What To Do After You’ve Rescinded Your LoanPosted on November 9, 2015 by
Let’s say you’re behind on your mortgage and the bank has filed foreclosure. You look into it a little bit and you see that your loan was securitized and sold as part of a big bundle and has been traded around the banking industry for the last 5 years like almost every other mortgage out there. You decide you’re going to take action and, using the rules established in the Truth in Lending Act (TILA), you send a notice of rescission to the bank and anyone who might try to claim ownership of your loan. The 20 days have passed and all the bank has done is sent you a letter saying they’re not going to honor the rescission. If you’ve been reading my previous articles you know that holds no water, and that by operation of law your note and mortgage are void. You can now be expecting the bank to return your canceled note, remove it from the property records, and return all of the money you ever paid on the loan, right? Wrong. You still have more work to do.
While the Supreme Court has given homeowners some power back against the banks with the January’s Jesinoski ruling, the chances are you will still need to take the bank to court to enforce the rescission. You’re going to want to move quickly because after one year from the rescission, you lose all right to the money that you paid the bank for the loan. The mortgage is still void, but you’re never going to get your money back. On the flip side, after a year the bank can no longer collect any of the money that you received with the loan.
Once the 20 days have passed and you have filed suit against the bank to force them to comply with the rescission, they are going to use whatever tactic they can to get the judge to vacate the rescission. The banks are going to argue that they have standing to contest the rescission based on the note and mortgage. The problem for the banks, and what you might have to explain to a judge, is that the note and mortgage no longer exist. A claim of standing based on the note and mortgage must be denied.
The reason the banks are using this strategy of ignoring the rescission and then making baseless claims of standing using void notes and mortgages is simple. They cannot prove who the creditor was on any of these loans. In order to prove standing, they must be able to clearly show who provided the money for a loan, and all of the subsequent sales and assignments of that loan. Even if the judge bends over backwards to help the banks, as judges have been known to do, they will get overturned on appeal unless they can clearly prove who the creditor is on the loan.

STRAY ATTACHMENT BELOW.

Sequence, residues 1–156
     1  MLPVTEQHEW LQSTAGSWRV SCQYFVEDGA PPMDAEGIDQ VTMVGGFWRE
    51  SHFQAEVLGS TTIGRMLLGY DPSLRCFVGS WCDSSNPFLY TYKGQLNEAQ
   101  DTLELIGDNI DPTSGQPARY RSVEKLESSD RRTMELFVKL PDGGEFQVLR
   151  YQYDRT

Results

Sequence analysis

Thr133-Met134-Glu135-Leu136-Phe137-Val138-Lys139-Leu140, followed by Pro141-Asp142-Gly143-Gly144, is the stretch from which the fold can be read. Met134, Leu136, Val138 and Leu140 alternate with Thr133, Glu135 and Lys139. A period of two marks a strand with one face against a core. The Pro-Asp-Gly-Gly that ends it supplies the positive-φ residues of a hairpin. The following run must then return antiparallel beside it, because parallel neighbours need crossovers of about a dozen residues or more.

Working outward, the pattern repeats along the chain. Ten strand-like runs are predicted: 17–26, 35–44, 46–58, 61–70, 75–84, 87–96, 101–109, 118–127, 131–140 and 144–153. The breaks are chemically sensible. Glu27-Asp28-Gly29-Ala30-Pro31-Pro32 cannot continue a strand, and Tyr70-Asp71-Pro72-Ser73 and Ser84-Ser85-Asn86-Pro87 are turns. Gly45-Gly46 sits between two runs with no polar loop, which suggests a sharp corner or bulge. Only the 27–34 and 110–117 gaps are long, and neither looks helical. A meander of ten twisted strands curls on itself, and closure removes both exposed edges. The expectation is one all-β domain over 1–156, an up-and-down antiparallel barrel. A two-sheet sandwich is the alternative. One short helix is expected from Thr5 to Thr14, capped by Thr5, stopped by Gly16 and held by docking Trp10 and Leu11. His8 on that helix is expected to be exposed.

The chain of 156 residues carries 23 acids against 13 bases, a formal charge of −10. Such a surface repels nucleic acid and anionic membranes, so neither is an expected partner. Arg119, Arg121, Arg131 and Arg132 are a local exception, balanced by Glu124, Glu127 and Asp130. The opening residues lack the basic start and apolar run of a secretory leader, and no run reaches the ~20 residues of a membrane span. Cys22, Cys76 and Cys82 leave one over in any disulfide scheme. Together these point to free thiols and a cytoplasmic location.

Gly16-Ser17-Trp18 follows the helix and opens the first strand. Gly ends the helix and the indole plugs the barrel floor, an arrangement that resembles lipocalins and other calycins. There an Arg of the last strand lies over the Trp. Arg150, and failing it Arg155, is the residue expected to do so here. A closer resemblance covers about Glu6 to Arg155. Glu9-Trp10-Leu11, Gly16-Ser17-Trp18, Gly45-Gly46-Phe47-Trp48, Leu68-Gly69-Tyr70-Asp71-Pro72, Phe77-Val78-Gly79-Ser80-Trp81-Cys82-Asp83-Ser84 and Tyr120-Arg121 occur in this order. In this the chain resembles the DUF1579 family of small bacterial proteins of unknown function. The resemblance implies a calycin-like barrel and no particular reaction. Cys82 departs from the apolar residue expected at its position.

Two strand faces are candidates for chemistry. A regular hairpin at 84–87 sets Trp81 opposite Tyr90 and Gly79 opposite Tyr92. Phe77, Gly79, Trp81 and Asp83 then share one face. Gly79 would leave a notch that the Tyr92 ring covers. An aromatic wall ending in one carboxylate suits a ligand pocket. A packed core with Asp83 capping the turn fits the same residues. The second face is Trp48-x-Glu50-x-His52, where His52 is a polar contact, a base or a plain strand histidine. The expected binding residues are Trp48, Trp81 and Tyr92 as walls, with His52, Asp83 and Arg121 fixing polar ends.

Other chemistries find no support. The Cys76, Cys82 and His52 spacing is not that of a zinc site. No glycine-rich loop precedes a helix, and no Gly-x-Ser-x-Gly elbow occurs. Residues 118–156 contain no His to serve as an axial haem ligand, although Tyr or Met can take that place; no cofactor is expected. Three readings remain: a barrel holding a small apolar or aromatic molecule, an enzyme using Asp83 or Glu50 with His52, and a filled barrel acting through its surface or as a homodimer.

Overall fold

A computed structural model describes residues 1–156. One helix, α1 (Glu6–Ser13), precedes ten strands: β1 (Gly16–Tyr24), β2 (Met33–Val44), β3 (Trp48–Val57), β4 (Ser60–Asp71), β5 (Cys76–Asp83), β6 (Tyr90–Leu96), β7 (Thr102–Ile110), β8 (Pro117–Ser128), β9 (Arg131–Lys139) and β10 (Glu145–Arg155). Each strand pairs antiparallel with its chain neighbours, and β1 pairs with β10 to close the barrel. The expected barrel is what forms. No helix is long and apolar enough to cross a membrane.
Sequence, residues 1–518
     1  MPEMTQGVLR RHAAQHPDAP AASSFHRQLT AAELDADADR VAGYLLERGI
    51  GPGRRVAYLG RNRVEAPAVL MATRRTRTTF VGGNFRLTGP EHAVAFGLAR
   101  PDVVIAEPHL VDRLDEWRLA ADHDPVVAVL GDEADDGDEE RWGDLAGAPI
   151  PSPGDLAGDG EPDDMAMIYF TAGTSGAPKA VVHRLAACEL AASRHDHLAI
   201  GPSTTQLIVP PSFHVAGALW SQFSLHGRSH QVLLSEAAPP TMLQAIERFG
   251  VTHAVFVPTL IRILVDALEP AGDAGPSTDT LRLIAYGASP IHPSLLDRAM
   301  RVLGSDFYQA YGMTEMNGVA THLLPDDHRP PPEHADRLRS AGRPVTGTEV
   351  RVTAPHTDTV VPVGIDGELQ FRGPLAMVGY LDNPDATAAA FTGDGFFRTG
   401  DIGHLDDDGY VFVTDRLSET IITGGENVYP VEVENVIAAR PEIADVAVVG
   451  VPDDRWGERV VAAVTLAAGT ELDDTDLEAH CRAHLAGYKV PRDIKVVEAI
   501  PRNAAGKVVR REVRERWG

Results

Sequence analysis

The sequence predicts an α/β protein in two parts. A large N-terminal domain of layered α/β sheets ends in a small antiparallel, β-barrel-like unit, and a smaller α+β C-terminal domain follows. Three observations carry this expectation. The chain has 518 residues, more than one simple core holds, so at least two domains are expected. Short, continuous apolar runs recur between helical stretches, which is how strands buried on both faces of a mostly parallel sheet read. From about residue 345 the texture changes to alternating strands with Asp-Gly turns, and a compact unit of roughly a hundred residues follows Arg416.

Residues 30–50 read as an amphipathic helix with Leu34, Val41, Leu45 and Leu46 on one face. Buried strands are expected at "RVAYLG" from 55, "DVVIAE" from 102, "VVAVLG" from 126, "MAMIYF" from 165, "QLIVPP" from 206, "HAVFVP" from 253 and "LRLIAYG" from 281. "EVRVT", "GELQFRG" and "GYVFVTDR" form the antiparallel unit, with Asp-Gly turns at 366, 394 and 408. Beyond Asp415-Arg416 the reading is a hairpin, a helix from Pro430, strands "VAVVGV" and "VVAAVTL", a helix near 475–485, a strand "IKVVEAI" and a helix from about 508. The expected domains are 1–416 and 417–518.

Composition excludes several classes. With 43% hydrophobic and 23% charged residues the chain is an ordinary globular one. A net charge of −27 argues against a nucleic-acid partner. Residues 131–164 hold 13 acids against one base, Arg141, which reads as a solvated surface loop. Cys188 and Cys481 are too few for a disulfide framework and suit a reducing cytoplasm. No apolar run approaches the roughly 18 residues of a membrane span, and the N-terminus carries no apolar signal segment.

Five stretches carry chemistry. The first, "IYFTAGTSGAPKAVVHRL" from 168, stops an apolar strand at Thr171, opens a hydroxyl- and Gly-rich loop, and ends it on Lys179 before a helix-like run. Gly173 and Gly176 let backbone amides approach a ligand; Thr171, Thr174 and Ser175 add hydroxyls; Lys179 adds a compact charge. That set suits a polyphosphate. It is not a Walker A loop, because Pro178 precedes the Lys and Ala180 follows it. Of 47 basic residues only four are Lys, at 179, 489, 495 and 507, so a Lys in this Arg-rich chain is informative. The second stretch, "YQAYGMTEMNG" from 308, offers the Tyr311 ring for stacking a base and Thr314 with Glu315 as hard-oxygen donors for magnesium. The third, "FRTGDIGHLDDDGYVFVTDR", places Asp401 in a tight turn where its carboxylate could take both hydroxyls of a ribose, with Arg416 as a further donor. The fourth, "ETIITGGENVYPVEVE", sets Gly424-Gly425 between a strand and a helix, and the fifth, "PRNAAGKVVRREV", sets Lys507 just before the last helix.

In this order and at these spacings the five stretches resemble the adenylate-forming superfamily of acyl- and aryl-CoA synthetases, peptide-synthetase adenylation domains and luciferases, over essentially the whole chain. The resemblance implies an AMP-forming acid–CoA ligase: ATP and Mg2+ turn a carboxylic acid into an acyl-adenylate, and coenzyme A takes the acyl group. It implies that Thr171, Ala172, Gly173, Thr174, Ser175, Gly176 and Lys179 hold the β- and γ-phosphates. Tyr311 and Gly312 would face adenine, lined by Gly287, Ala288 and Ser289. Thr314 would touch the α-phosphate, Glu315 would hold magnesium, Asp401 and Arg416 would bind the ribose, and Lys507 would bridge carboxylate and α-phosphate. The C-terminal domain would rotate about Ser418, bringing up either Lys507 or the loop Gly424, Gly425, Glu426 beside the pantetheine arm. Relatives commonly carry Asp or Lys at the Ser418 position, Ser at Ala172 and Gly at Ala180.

Fortunately, the law has caught up to the banks and the Supreme Court has ruled as clearly as possible in the homeowners favor. Not only has TILA rescission provided homeowners with a powerful tool to stop foreclosure and stay in their house longer, it also creates an opportunity for investors to do some pretty amazing deals. The tides have turned and the banks are being forced to negotiate on our terms. No more begging the banks to accept our short sale and REO offers only to have them demand ridiculously high prices. We can now get the banks to the table and demand that they prove they have the right to enforce a loan.
This makes it more important than ever that homeowners and real estate investors act NOW. This is a massive opportunity for real estate investors. If you know of anyone with a defaulted or underwater note, you need to get in contact with my office immediately at (706)-485-0162. I have spent the last two years building up a team of experienced attorneys and fraud examiners/forensic auditors who specialize in exposing fraud committed in the mortgage process and using that fraud as leverage to negotiate the sale of notes. This opportunity is not going to be available forever; we need to strike while the iron is hot!
We have a huge opportunity to help homeowners and do some great deals with multiple exit strategies. For more information, call me at 706-485-0162.